When I came up with the idea of performing the whole cycle on Zoom, as a contribution to lockdown culture and a defence against going stir-crazy, I still had two outstanding uncompleted projects (A Shot at the Future and Two into One) and one which hadn't even begun. This one.
I had read extensively around the period of the Weimar republic, but the actual writing has taken a week, at white hot speed. As a result, questions hang over it. Is it really a play rather than an opera libretto? Does that matter particularly, because plays have been set before, notably Salome and The Silver Tassie? Is it out of place in the cycle because it is set abroad rather than in this country?
After all, temporary escape from the repression of British law was part of the experience of the well-heeled homosexual throughout the century: Paris before World War One, Berlin in the 1920s/30s, Amsterdam post-war, New York or San Francisco in the 70s. These are questions I am hoping for feedback on in the next few weeks.
I approached the idea with some hesitancy, because the Weimar Republic has been mined extensively and there was a great risk of going over tired old ground. It has been covered with a patina of glamour and nostalgia because of its brief duration, and of in-built poignancy because we know the fate of so many people involved. Isherwood, and the Isherwood-derived Cabaret, was the benchmark, and its influence has continued down to the glossy HBOS series Babylon Berlin (2017).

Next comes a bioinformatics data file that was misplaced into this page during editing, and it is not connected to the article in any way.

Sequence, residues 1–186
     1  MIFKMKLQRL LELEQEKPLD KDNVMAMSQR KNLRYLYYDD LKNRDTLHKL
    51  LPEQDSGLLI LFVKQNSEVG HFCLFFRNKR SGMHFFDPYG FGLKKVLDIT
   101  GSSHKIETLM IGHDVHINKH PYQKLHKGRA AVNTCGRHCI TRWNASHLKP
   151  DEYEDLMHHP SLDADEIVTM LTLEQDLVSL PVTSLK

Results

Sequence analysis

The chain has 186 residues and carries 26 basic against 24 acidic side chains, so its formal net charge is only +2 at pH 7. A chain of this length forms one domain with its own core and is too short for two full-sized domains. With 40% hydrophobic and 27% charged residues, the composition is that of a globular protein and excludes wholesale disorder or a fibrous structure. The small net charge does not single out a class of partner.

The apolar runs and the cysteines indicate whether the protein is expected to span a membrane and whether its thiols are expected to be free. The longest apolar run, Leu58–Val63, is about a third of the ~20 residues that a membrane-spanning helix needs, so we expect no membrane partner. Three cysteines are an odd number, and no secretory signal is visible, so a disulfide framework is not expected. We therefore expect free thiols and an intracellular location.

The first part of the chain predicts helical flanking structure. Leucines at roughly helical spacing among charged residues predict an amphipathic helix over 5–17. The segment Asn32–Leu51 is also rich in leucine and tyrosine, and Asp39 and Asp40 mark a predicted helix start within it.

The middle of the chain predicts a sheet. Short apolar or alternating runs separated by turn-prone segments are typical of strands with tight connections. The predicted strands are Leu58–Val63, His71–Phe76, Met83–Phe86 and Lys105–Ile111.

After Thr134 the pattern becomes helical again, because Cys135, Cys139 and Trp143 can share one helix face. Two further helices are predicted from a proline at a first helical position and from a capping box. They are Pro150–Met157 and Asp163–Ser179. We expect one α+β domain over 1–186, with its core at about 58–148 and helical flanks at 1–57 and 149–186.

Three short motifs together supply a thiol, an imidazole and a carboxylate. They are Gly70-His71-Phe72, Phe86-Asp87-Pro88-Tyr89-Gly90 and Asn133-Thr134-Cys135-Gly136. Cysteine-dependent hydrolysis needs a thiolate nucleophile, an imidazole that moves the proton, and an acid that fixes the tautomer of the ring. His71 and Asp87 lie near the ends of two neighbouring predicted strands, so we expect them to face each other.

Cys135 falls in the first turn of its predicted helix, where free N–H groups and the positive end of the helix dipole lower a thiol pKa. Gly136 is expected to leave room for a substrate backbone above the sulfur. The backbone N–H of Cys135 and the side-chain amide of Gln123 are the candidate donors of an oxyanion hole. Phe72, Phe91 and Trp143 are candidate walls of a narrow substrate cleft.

I always found Mr Norris the most interesting character in Isherwood; he dominates Mr Norris Changes Trains, a shady dealer whose appeal lies partly in the mystery that surrounds him, his origins, and his activities. This is partly because Isherwood was constrained by notions of what was acceptable to a general readership in the 1930s, but also because the likes of Norris would be beyond the ken of a callow narrator.
When Isherwood went back to the subject in his autobiography Christopher and his Kind, he provided a lot more information about the model for Norris, Gerald Hamilton, and in the process destroyed much of the aura that made Norris so potent.
Reading the memoirs and biographies of Isherwood, WH Auden and Spender, I was struck most forcibly by the recognition that what we are really dealing with is what we now call sex tourism, with all its implications of sexual exploitation of the poor by the rich. Today it would be relocated to Thailand or the Philippines. It was this harder edge that I wanted to restore to the picture.
I also wanted to restore the politics. It exists in Isherwood/Cabaret, most obviously in the song Tomorrow Belongs to Me, but it is a kind of easy, almost picturesque, frisson. There is little sense that Fascism, or indeed Communism, arises out of the actions and opinions of ordinary people, including the protagonists. It is always something done by Them, Out There.
The truth is that many the rent boys described by Isherwood were involved, through Magnus Hirschfeld's Institute for Sexual Research, in mainstream politics, in communism, while yet others put their trust in Ernst Rohm as an openly gay man well known on the Berlin Scene to protect them from the rampant homophobia, of Himmler in particular, in other parts of the Nazi Party.